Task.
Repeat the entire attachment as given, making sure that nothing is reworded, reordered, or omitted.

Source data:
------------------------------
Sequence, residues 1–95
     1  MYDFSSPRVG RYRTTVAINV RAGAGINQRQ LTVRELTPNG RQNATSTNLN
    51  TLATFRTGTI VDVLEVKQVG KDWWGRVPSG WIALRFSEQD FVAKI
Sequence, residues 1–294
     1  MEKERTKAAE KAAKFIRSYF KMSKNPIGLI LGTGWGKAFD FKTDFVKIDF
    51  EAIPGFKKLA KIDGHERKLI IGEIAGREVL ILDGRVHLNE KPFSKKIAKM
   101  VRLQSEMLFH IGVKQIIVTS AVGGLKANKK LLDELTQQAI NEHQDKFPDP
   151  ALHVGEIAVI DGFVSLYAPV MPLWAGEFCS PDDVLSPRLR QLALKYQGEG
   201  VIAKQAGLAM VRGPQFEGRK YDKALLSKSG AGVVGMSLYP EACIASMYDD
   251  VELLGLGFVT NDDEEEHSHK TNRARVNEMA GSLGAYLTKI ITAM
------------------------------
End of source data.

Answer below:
Sequence, residues 1–95
     1  MYDFSSPRVG RYRTTVAINV RAGAGINQRQ LTVRELTPNG RQNATSTNLN
    51  TLATFRTGTI VDVLEVKQVG KDWWGRVPSG WIALRFSEQD FVAKI
Sequence, residues 1–294
     1  MEKERTKAAE KAAKFIRSYF KMSKNPIGLI LGTGWGKAFD FKTDFVKIDF
    51  EAIPGFKKLA KIDGHERKLI IGEIAGREVL ILDGRVHLNE KPFSKKIAKM
   101  VRLQSEMLFH IGVKQIIVTS AVGGLKANKK LLDELTQQAI NEHQDKFPDP
   151  ALHVGEIAVI DGFVSLYAPV MPLWAGEFCS PDDVLSPRLR QLALKYQGEG
   201  VIAKQAGLAM VRGPQFEGRK YDKALLSKSG AGVVGMSLYP EACIASMYDD
   251  VELLGLGFVT NDDEEEHSHK TNRARVNEMA GSLGAYLTKI ITAM